Calligraphy, the art of beautiful writing, was elevated above all other art forms in the Islamic world because Allah (God), revealed the divine word of Islam to the Prophet Muhammad (570–632) in the Arabic language. This beautiful double page forms the opening pages, or <em>unwan</em>, of a Qur’an, the sacred book of Islam. Read from right to left, the verses are written in Arabic in elegant <em>naskhi</em> script on a gold ground with florets identifying the ends of the verses. Calligraphers who specialized in beautiful writing often dedicated their lives to copying the Qur’an to grow closer to Allah and receive his blessings. The pages are enhanced with splendid illumination—ornamentation in colors and gold with scrolling vines, blossoms, lozenges, and cartouches within bordered rectangles. Because the book arts were held in high esteem in the Islamic world, decorative motifs created by illuminators were often adopted in other art forms such as metalwork, textiles, and carpets.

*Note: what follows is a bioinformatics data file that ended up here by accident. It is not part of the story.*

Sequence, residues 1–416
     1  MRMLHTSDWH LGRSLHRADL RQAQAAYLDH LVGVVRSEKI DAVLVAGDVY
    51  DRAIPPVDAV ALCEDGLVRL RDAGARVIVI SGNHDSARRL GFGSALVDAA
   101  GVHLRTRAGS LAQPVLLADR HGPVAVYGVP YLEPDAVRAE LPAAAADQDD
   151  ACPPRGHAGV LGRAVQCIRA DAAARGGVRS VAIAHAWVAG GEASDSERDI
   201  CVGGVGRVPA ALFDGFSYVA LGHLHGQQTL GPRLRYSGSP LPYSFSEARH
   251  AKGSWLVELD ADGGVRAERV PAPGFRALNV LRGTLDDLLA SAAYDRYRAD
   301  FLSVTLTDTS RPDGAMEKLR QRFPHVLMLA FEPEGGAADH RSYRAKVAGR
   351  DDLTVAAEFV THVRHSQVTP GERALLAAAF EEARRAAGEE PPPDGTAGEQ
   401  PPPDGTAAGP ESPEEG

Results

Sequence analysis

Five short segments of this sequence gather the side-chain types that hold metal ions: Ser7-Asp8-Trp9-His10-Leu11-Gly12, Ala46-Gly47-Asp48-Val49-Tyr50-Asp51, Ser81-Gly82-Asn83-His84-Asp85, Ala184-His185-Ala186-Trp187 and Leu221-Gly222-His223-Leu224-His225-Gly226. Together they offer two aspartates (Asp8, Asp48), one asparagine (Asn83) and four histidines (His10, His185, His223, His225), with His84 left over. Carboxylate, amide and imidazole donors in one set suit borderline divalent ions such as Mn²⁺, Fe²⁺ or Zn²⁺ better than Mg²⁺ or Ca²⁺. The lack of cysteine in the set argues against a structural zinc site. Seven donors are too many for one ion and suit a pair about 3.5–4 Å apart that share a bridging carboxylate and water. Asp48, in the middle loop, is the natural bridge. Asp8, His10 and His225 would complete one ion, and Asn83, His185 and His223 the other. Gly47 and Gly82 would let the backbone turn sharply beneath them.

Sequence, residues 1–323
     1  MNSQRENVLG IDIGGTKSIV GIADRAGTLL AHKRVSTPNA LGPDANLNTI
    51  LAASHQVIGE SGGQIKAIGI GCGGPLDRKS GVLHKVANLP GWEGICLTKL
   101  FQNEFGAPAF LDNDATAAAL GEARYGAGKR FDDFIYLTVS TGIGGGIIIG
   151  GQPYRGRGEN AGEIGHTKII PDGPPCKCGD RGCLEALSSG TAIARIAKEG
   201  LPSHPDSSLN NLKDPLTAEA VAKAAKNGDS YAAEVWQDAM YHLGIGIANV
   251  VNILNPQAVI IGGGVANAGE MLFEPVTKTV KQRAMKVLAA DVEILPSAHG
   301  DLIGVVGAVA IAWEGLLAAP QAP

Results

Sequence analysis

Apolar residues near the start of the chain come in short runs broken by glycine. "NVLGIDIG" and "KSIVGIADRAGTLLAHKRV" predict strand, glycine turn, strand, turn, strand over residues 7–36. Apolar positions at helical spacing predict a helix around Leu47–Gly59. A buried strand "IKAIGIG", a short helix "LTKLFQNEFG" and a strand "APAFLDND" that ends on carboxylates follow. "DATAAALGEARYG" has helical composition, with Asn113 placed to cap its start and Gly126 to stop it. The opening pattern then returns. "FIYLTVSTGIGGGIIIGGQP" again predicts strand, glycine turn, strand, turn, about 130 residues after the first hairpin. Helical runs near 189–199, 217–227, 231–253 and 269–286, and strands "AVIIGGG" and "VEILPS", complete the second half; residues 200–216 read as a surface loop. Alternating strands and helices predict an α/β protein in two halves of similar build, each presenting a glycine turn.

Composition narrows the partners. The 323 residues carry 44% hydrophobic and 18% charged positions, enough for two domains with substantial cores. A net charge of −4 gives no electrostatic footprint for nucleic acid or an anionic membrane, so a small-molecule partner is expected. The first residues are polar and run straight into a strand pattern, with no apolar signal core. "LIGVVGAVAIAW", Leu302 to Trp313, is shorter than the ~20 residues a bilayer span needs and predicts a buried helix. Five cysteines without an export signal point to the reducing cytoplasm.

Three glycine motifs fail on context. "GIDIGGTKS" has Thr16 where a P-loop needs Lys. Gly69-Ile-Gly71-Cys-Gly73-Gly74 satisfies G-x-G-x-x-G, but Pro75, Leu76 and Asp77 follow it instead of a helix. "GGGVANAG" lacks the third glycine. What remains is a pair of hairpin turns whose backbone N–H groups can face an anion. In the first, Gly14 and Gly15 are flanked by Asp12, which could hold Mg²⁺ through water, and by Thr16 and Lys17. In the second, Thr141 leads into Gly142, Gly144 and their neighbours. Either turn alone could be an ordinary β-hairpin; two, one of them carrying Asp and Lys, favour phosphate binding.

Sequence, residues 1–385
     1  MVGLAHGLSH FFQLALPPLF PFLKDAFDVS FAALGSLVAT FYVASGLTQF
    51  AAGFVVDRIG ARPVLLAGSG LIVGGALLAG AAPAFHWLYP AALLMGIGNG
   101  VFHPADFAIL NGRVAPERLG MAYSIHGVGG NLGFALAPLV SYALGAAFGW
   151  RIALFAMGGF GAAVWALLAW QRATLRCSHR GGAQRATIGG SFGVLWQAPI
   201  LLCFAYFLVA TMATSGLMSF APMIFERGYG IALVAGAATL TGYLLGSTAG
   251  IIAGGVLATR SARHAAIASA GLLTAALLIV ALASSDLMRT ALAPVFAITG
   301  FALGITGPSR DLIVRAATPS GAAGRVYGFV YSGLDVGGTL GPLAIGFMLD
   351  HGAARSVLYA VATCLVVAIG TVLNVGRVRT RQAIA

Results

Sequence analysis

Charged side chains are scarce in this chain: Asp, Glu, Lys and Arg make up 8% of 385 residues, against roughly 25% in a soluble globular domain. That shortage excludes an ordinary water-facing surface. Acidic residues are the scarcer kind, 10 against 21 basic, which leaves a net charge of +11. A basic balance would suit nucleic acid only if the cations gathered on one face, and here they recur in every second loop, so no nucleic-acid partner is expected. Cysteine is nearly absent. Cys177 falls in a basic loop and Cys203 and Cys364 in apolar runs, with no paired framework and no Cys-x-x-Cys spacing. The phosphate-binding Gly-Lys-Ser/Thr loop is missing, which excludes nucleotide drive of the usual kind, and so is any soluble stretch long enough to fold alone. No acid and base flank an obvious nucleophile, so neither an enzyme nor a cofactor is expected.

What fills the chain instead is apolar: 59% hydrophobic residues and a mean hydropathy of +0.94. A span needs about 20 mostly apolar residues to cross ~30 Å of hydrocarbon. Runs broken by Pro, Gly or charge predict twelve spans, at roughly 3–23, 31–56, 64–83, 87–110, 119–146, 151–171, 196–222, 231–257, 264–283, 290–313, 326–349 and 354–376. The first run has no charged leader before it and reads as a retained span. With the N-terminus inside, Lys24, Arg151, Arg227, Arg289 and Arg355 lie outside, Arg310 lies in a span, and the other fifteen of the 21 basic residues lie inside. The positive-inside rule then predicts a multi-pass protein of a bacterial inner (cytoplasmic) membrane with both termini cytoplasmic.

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  • Title: Qur'an Manuscript Folio
  • Date Created: 1500s
  • Physical Dimensions: Sheet: 28 x 17.4 cm (11 x 6 7/8 in.)
  • Provenance: (Hagop Kevorkian [1872–1962], New York, NY, sold to the Cleveland Museum of Art), The Cleveland Museum of Art, Cleveland, OH
  • Type: Manuscript
  • Rights: CC0
  • External Link: https://clevelandart.org/art/1924.746
  • Medium: ink, gold, and colors on paper
  • Department: Islamic Art
  • Culture: Afghanistan, Herat, Safavid period (1501–1722)
  • Credit Line: Purchase from the J. H. Wade Fund
  • Collection: Islamic Art
  • Accession Number: 1924.746

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